The Halo Effect

T.J. Schier

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Apple, airlines such as Southwest and American, and many other companies have leveraged the “halo effect” into business success. The halo effect is simply forming an overall positive impression of something because of one good characteristic. For example, an applicant arrives for an interview and creates a great first impression. The interviewing manager then disregards the yellow flags during the conversation and hires the person, only to see them leave shortly thereafter. The manager’s perception was solely based on the one good trait.

In the case of Apple, the iPod has introduced so many users to its brand that sales of their PCs have increased quite dramatically. Southwest Airlines, because of the great service they deliver, also gets credit for being less expensive and having a better on-time record. Last I checked, my flight from Dallas to Baltimore was $198 on Southwest Airlines as well as on American Airlines—and in February 2005, American Airlines was on-time nearly 5 percent more often. Hmmm…

What does that have to do with running a great restaurant? Simple. Great service is the “halo” that makes everything appear to be better in the eyes of the guest. Food tastes better when the people are friendlier. The wait in line or at the drive-thru window seems shorter when the cashier is talking with you.

Prior to your next shift, focus the staff on a few key behaviors such as smiling and warmly greeting guests as they arrive and then talking with them if there is a lull such as when customers wait for their food. Spend your time out in the dining room and listen to the guest comments or solicit some responses from them. You’ll hear many positive things thanks to the feeling you provided to the guest.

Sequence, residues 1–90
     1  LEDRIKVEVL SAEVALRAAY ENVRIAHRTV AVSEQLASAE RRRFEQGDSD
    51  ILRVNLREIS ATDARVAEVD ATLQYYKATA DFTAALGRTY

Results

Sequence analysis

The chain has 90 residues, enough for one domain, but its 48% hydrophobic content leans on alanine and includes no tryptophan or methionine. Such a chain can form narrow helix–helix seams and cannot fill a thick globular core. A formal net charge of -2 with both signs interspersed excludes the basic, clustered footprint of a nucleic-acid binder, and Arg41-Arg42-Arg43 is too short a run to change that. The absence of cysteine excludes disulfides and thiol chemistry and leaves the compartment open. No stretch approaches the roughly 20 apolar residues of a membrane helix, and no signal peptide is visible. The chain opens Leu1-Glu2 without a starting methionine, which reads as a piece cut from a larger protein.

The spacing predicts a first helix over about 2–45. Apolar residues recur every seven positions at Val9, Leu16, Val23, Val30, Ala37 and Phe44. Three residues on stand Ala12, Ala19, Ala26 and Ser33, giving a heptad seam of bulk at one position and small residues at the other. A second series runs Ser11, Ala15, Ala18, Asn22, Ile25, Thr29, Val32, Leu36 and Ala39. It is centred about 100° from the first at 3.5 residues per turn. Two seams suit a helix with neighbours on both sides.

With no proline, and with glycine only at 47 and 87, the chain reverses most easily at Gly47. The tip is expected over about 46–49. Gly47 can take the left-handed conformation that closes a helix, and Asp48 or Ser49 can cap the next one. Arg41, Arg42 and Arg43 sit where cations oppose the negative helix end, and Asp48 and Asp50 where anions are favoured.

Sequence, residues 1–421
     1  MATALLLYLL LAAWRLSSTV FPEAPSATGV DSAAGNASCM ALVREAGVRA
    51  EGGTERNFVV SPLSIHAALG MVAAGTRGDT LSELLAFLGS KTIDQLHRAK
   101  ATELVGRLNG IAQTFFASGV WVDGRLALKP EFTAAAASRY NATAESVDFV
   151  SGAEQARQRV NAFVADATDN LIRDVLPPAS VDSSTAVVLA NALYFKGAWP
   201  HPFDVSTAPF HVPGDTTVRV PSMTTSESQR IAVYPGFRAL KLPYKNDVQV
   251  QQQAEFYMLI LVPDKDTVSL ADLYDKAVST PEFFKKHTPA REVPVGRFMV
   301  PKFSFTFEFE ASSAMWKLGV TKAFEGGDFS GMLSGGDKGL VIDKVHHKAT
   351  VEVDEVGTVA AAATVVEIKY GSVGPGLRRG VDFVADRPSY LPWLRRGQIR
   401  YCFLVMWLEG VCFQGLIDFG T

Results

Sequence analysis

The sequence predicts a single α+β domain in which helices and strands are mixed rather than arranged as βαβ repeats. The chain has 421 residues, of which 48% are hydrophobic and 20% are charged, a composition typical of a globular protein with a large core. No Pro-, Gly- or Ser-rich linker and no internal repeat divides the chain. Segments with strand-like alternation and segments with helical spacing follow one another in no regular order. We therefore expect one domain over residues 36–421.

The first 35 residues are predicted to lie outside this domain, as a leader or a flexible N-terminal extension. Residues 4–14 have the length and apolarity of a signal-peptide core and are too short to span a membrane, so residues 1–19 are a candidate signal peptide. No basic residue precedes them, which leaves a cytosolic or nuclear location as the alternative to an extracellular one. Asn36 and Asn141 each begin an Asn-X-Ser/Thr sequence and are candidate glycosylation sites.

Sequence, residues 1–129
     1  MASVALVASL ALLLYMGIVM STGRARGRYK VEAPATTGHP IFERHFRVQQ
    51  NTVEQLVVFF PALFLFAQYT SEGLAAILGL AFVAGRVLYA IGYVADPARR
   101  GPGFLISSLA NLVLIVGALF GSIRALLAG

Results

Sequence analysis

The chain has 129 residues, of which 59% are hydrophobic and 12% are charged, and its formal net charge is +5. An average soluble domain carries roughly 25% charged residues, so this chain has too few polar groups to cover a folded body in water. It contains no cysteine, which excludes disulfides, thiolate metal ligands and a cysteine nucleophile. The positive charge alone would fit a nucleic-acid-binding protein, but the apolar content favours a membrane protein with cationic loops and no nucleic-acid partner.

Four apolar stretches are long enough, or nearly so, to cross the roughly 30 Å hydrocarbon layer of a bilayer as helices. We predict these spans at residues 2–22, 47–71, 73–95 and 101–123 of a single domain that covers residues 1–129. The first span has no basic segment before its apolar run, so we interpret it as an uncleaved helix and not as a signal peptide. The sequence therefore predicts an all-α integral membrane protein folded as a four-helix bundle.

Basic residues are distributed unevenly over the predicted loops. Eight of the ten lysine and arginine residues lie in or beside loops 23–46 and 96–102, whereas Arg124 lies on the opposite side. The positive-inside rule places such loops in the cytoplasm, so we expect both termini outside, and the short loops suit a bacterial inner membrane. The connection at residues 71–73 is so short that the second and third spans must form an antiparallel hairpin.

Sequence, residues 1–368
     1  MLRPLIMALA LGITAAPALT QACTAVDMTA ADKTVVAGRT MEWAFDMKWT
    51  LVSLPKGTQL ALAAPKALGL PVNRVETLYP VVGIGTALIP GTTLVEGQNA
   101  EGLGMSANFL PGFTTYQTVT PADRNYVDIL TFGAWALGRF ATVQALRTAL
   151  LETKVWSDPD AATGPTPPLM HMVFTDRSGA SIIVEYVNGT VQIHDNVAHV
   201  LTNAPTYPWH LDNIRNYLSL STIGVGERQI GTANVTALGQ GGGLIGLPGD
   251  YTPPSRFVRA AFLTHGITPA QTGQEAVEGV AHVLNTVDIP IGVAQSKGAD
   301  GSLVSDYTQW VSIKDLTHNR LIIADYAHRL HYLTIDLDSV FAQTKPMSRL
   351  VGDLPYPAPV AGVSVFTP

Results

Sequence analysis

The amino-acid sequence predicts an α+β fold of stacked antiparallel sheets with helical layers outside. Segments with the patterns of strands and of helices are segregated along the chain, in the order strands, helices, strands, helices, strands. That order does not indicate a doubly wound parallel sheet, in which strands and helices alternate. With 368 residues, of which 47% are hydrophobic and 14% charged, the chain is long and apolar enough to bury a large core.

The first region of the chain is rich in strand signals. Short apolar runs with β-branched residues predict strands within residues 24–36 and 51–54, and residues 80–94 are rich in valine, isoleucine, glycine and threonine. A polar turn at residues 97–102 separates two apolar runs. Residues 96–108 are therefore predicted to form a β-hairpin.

Finally, suggestive selling, if done in the proper way, can also have a halo effect on your price-value. Sell the benefits or savings to the guest and they will perceive you as being less expensive. For example, if a guest orders a combo meal, don’t ask “Would you like to upsize it for 50 cents more?” The guest hears “Spend more money. ” Instead ask, “The best value is the large combo or you can save 50 cents and get the regular size—which would you like?” Not only will this approach lead to higher sales, the guest will hear “save” and feel as though they have saved money.

Spend more but feel like you’re saving…now that’s a halo effect we should all strive for.

T. J. Schier is service professional, consultant and speaker with over 20 years experience in operations and training. Founder and president of Incentivize Solutions and podTraining, T. J. has helped numerous clients enhance their service and training programs and spoken to tens of thousands of managers, franchisees and operators in various fields. Visit for more info motivating today's employees, training today's generation and delivering outstanding guest service; or , a unique new system and the foundation of ‘i-learning’ - using the device of today's generation, the iPod - to train your workforce.


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